Sherman Hemsley, who was rooted in the minds of millions of television viewers as Archie Bunker's bombastic black neighbor, George Jefferson, in"All in the Family" and later as the star of his own long-running sitcom, "The Jeffersons," has died. He was 74.
The actor, who had a home in El Paso, was found dead Tuesday by the El Paso Sheriff's Department, his agent, Todd Frank, told The Times. No cause of death was given.
Hemsley vaulted from relative obscurity as a New York stage actor to prime-time celebrity in 1973 when producer Norman Lear cast him in "All in the Family," the controversial comedy that starred Carroll O'Connor as the bigoted patriarch of a working-class Queens household.
As George Jefferson, Hemsley was a burr in Archie's side, who loved to tease his neighbor about his prejudices. He appeared on the hit show from 1973 to 1975, when he left to star in the Lear spinoff "The Jeffersons" with Isabel Sanford, who played his wife, Louise.
"The Jeffersons" ran for 11 seasons on CBS, making Hemsley one of the medium's most widely watched black actors.
"Sherman was one of the most generous co-stars I have ever worked with," said Marla Gibbs, who played the Jeffersons' smart-mouthed maid, Florence Johnston. "He happily set me up so that I could slam him, and I did the same for him. I shall miss him deeply."
In 1970 Lear was scouting for talent on Broadway when he saw Hemsley, who was playing the role of Gitlow in "Purlie," a musical set in the Jim Crow South. Hemsley auditioned for the producer the next day, but he was not hired.
George Jefferson had been mentioned on "All in the Family" as the husband of Edith Bunker's close friend, Louise Jefferson (played by Sanford), but did not appear until 1973, when Lear finally brought Hemsley onto the show.
"The cocky energy of the guy was totally in sync with the offstage image we had created of George," Lear told the Albany Times Union in 1999.
When George Jefferson turned a small dry-cleaning establishment into a successful chain, he moved from Queens to a luxury high-rise on Manhattan's Upper East Side. His entry into the ranks of the nouveau riche provided the starting point for "The Jeffersons."
"I loved the character because I knew people like that," Hemsley said of George Jefferson in a 2003 interview for the Archive of American Television.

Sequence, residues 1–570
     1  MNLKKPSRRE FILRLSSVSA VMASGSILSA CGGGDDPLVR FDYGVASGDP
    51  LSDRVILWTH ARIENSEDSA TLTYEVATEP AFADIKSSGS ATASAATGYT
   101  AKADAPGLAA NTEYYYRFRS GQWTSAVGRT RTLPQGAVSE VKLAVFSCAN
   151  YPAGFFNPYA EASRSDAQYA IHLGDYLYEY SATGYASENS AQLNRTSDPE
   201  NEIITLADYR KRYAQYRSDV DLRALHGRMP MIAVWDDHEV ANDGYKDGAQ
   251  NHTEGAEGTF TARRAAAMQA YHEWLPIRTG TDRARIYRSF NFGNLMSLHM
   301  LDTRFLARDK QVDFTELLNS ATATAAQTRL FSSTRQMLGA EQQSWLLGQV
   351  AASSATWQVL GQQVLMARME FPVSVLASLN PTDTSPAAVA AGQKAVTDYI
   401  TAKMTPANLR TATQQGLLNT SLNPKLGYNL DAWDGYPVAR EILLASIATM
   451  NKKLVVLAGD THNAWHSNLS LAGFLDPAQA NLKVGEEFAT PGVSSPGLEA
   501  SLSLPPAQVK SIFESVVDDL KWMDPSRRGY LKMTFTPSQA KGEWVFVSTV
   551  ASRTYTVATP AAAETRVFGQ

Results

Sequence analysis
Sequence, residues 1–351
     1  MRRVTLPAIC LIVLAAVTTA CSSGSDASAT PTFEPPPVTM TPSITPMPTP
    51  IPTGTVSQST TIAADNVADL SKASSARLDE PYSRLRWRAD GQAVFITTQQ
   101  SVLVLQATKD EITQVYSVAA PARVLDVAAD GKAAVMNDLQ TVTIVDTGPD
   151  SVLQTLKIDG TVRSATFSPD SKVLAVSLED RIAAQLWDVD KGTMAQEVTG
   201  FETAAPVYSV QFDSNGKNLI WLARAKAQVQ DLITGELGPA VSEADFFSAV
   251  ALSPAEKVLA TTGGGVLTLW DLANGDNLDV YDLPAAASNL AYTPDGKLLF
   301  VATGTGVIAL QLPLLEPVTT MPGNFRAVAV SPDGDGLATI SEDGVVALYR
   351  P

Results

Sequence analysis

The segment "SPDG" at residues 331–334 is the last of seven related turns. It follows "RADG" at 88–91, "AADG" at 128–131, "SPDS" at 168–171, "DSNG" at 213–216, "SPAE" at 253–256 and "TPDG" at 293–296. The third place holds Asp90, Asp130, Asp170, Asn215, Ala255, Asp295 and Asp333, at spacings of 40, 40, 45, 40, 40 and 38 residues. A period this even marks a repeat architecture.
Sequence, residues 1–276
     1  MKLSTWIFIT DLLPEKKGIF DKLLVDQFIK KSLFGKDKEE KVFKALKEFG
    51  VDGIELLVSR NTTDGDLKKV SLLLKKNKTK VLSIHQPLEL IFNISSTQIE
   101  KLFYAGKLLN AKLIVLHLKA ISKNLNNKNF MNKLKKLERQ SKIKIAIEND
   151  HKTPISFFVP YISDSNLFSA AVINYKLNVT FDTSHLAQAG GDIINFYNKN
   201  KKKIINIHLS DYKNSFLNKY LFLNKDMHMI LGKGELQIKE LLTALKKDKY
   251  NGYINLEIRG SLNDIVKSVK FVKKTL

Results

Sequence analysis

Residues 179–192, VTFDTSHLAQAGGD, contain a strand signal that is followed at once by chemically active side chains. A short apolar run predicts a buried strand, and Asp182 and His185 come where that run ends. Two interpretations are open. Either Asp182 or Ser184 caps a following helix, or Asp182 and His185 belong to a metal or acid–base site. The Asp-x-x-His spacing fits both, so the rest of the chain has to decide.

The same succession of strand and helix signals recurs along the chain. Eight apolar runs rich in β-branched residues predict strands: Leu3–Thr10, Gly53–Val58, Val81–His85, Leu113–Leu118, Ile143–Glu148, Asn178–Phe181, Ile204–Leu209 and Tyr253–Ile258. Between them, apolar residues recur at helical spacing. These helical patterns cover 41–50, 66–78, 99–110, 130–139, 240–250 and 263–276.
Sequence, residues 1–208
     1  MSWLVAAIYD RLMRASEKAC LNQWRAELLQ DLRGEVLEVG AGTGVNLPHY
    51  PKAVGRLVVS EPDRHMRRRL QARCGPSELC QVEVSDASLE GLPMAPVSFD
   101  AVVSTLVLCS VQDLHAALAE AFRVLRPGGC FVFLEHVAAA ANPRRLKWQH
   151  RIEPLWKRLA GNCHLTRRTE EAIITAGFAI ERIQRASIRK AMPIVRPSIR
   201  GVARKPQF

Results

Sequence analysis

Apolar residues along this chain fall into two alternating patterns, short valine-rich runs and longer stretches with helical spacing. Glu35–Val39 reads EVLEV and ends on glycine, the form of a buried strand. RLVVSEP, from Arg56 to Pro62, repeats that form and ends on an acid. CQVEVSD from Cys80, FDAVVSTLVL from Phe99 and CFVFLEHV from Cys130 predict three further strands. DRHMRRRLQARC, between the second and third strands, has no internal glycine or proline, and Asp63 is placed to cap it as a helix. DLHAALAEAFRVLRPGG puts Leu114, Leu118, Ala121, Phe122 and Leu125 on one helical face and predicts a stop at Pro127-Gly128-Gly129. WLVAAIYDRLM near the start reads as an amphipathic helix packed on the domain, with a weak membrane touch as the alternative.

Hemsley was born Feb. 1, 1938, in Philadelphia and grew up on the city's tough south side. He was raised by a single mother who worked long hours in a factory. As a teenager he belonged to a gang and became a "high school kick out." After leaving school, he served four years in the Air Force in Japan and Korea before returning to his hometown, where he worked as a mail sorter in the post office.
His day job enabled him to pursue a childhood dream of acting, which was sparked by his portrayal of fire in a school sketch for fire prevention week.
"I was at home on the stage immediately. Of course I hammed it up. They threw water on me and I rolled on the floor and said 'Foiled again!' " he told the Associated Press in 1986.
In 1967, he transferred to a post office in New York, trying out for acting jobs in his spare time. He joined the Negro Ensemble Company's advanced acting workshop and studied with Lloyd Richards, who directed Lorraine Hansberry's "A Raisin in the Sun" on Broadway.
His television career spanned four decades, with guest appearances on "The Fresh Prince of Bel-Air" and "Family Matters."
In the late 1990s, he began dividing his time between Los Angeles and El Paso. Information on survivors was not immediately available.
After "The Jeffersons" was canceled in 1985, he played Ernest Frye, a holier-than-thou church deacon and lawyer, in the sitcom "Amen," which ran on NBC from 1986 to 1991. He voiced the character B.P. Richfield on "Dinosaurs," the puppet sitcom about a domesticated family of prehistoric creatures that aired on ABC from 1991 to 1994. From 1996 to 1997 he starred in the short-lived UPN series "Goode Behavior," playing charming ex-con Willie Goode.
None of those characters had the broad appeal of George Jefferson. Years after that show ended, Hemsley frequently encountered fans who asked him to reenact George's famous strut from the show's opening credits. Hemsley said it was inspired by the Philly Slop, a dance he learned as a boy in Philadelphia.
But he insisted that in most other ways he and his character were very different. "I don't slam doors in people's faces, and I'm not a bigot," he told USA Today in 1999. "I'm just an old hippie. You know, peace and love."
Times staff writer Valerie J. Nelson contributed to this report.